STATUS: It’s a Monday? Need I say more? I have to say I’m known for my reliability, responsiveness, and general punctuality. Can I just say that I completely missed an appointment today? And now I feel such incredible guilt for wasting another person’s valuable time. I’d like to blame it on the fact that my computer reminder didn’t ping but alas, I’m still responsible despite the failsafe (that wasn’t so reliable today).
What song is playing on the iPod right now? BOHEMIAN RHAPSODY by Queen
I have to say that just recently, I got a completely original interview question. That in itself is worth blogging about because unfortunately, new questions rarely happen. Almost all interviews I’ve participated in tend to revolve around the “how does a writer get an agent” variety.
Don’t get me wrong. I understand the need for that since that seems to be one of the more pressing questions writers have and it makes sense for a writing publication to ask an agent that question.
But this interviewer is thinking outside of the box and now that she has asked this great question, I’m rather surprised that no one has asked me before.
She noticed that on my website, I state that “technology is meant to be used” and what do I mean by that.
Quite simply, I mean that as agents, we need to constantly evolve and use technology that’s available to us. So many folks are mired in what I call “the old ways” (this is how I’ve always done it) and if you want to succeed, you can’t be afraid of change and the technological tools that will allow you to do your job more quickly and easier.
Example #1: Accepting email queries.
I have many friends who just can’t get on board with this because they still love, for various reasons, the paper format. Perhaps it’s easier on the eyes to read or perhaps they think writers take more care with the writing of the letter if they will go to the length of paying $0.39 for the stamp or whatever.
I know many of my agent friends will hate me for this but I can’t help but think that’s just unnecessary old school.
If you’re an agent looking to build a client list, then it’s a numbers game and the faster you can get to a good project, the more likely you’ll be to land it. I know I’ve taken on many a good client because I was timely in my response via email.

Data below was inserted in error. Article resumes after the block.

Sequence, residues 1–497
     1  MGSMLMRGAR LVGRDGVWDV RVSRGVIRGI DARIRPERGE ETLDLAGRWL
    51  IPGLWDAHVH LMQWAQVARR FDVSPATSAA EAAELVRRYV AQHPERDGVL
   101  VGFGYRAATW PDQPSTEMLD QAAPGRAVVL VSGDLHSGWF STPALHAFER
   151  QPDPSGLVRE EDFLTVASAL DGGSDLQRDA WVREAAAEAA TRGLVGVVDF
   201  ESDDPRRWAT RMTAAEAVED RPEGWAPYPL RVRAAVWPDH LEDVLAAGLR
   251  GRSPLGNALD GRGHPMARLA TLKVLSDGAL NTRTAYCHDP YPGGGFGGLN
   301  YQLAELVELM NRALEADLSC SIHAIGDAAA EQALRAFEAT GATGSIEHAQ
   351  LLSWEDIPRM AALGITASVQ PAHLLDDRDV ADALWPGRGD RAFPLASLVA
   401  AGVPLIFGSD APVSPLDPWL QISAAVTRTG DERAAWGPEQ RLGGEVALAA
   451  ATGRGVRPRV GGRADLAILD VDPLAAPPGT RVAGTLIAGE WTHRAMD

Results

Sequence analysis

I’m using technology to my advantage.
In fact, I’ve taken on one client in my career who couldn’t use email and wasn’t interested in learning.
Never again. My clients also need to be technologically savvy because that’s how I operate.
Example #2. Tablet PC, baby!
At Book Expo 2003, there was a technology center in a lovely space right in the middle of the exhibition.
And there were two people, besides me, there looking at the future of publishing. I kid you not. There was very little foot traffic flowing through.
But it was there I first saw demonstrated and got to play with a Tablet PC. For those of you who aren’t familiar with this technology, it’s a computer that I can actually handwrite on with a computer stylus and my notes are saved—either in my incredibly indecipherable and cramped handwriting or in the method I prefer, my handwriting translated pretty darn accurately into a different color typewritten text in track changes in Microsoft Word.
The minute I saw it, I had to have it. The dang thing cost a fortune in 2003 but I bought it and trust me, I’ve never looked back.
My clients electronically send me their manuscripts and I can edit (electronically by hand) while sitting on my couch. Quick turn around (providing, that is, six of my clients haven’t all delivered their full manuscripts all in the same week, which never fails to happen). Changes easily tracked in track changes. Clients can accept or reject anything I’ve pointed out.
Revisions are done in a flash and boom, the project is out to the editor, electronically of course, in record time.
In fact, one of my clients was so used to this method, she was stunned when she received her line edit from her new editor in the mail and on the paper manuscript. She even kindly requested (because time was of the essence and the deadlines were tight—by publisher decree not hers—if the editor could speed up the process by doing it electronically). But that’s a whole other story. My author ended up hiring a person, literally, to type in the handwritten comments into her document so she could revise more quickly.
And now I’m looking into a couple of other very interesting technological mediums and how they can apply to what I do at my agency and how they can benefit my clients.
And trust me folks, I’m no tech whiz but I’m willing to keep learning because in my mind, technology is meant to be used and my agency will be the better for it because of that mindset.